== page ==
One of my daughters lives in Florida and the other in California. For a person who has lived in the rainy Pacific Northwest for years, it would be great to be able to retire where it's warm.
Planning for retirement is a complicated, but necessary task.
Many factors need to be taken into consideration. Jane Bryant Quinn outlines the basic steps in retirement planning in an AARP Bulletin.
If you want to retire where it's warm, you'll need to do additional research.
In the communities you're considering:
- Check out the services for older adults. AARP The Magazine offers its best picks for cities baby boomers should consider for retirement. Among the top five are Atlanta and Chandler, Ariz. Included in the top four the magazine also named as places to watch is Austin, Texas.
- Find out if opportunities exist for older adults to work part time. An article in the Christian Science Monitor, "Snowbirds Work Where It's Warm," shows how retired boomers can earn income in warmer locations.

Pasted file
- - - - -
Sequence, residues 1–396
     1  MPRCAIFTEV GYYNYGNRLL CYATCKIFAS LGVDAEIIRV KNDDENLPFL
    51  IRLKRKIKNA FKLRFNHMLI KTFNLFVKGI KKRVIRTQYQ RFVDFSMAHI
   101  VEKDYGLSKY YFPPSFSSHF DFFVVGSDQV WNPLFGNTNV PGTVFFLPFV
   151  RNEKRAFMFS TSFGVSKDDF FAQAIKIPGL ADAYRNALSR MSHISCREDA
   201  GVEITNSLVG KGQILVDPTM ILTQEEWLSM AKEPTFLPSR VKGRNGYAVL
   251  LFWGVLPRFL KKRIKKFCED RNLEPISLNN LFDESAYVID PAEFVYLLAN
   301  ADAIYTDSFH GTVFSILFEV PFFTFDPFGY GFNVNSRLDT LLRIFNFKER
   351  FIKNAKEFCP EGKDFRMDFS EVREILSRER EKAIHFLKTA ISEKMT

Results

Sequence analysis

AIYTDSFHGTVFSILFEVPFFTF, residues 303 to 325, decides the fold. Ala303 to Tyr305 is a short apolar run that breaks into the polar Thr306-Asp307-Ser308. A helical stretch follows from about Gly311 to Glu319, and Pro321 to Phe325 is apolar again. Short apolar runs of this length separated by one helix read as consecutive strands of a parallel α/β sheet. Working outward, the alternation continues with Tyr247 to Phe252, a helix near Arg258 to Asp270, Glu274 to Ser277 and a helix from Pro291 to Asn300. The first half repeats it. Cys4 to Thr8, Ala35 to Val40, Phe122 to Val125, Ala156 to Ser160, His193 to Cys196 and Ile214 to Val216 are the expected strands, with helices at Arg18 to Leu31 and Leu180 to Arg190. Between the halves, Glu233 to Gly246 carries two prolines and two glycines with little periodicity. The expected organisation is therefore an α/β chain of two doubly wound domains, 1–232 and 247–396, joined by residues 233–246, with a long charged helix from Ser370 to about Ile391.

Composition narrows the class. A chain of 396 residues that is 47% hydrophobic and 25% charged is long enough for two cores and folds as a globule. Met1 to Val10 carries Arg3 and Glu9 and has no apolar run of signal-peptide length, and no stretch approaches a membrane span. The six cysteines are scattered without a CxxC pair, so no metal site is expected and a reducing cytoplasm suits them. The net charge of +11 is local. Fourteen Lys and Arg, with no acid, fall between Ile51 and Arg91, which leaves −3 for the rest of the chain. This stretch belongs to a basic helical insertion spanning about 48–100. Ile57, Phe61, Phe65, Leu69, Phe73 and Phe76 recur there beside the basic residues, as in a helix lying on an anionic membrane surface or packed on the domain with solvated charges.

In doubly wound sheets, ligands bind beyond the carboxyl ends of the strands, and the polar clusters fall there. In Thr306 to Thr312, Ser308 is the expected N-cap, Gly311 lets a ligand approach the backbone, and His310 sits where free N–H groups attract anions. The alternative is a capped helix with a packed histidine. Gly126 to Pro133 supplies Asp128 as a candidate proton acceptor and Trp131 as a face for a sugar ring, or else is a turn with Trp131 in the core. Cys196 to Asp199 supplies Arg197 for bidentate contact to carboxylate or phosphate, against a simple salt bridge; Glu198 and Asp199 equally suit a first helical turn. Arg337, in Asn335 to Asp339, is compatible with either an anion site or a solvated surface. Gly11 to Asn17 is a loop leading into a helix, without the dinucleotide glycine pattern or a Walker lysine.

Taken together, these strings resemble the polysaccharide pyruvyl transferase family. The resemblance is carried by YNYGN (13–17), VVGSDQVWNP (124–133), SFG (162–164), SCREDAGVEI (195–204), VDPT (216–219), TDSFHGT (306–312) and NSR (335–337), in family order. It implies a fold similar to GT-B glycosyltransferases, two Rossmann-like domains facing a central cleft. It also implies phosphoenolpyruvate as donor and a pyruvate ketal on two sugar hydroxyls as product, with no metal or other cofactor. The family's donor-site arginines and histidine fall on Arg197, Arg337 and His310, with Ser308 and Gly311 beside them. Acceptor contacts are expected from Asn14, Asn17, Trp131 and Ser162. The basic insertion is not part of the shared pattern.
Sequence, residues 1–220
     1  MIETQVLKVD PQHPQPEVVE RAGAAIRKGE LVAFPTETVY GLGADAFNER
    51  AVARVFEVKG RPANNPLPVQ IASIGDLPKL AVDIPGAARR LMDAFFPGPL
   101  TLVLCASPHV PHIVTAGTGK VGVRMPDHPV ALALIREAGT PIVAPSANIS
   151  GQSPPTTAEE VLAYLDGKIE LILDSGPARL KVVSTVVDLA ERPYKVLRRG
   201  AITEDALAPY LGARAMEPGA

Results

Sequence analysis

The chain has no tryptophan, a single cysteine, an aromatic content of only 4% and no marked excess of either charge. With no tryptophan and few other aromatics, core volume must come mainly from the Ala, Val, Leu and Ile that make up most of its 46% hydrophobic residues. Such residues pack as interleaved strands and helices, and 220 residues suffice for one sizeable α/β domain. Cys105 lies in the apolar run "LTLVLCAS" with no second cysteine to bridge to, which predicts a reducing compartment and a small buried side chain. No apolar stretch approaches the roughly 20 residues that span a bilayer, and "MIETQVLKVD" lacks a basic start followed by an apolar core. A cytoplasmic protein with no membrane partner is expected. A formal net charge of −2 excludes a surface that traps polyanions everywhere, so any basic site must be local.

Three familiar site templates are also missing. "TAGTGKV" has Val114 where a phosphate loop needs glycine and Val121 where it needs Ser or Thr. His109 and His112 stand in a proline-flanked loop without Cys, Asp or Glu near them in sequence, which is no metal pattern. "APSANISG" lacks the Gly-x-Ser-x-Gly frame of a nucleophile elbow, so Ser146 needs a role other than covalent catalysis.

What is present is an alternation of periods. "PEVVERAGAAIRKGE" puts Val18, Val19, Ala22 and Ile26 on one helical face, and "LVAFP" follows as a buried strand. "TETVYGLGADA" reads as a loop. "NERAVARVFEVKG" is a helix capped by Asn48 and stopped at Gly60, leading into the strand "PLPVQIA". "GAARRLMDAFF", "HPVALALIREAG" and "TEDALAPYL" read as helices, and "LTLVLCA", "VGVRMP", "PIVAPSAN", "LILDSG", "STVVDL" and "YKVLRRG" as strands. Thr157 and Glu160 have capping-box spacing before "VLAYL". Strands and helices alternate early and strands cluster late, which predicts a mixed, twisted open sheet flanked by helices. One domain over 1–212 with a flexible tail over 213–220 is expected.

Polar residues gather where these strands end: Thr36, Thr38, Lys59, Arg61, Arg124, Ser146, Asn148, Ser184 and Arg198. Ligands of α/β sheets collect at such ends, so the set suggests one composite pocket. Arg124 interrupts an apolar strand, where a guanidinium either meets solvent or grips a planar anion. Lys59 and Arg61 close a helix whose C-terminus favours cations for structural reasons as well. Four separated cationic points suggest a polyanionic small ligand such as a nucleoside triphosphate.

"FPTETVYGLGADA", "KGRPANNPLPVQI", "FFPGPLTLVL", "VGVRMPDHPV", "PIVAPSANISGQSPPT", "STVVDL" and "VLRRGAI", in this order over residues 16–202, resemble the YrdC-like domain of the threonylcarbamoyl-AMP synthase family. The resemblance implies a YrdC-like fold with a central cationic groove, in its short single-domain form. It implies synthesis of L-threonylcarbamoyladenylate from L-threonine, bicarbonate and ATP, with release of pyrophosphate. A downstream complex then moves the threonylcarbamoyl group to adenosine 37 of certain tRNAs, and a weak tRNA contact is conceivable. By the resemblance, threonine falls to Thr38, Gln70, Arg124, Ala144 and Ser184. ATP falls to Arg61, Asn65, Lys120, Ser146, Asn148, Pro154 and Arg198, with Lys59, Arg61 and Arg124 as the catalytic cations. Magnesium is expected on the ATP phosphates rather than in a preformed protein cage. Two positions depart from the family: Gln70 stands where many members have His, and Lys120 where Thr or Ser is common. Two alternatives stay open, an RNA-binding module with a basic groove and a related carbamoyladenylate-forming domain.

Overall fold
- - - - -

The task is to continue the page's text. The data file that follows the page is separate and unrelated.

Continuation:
- Ask if there are retirement communities located within striking distance of employment opportunities.
- Research housing costs and options and study the real estate market carefully. You can check with local planning departments to learn about the demographics of an area. Industry closures or the shutdown of military bases could impact the housing market.
- Make a list of the activities you enjoy and find out if they are available.
- Inquire about the public transportation system and walkable communities that would be helpful to mature adults as they age.
- Determine if you'd enjoy living in traditional retirement areas such as Arizona and Florida.
- Run the numbers, either on your own or with a financial planner, to determine if moving where it's warm is worth the extra costs.
Best wishes with your research and planning. If you decide to opt for the sun, you'll be more comfortable if you'd studied the pros and cons of the venture.
Tomorrow's Survive and Thrive Boomer's Guide will discuss retiring where it's warm abroad.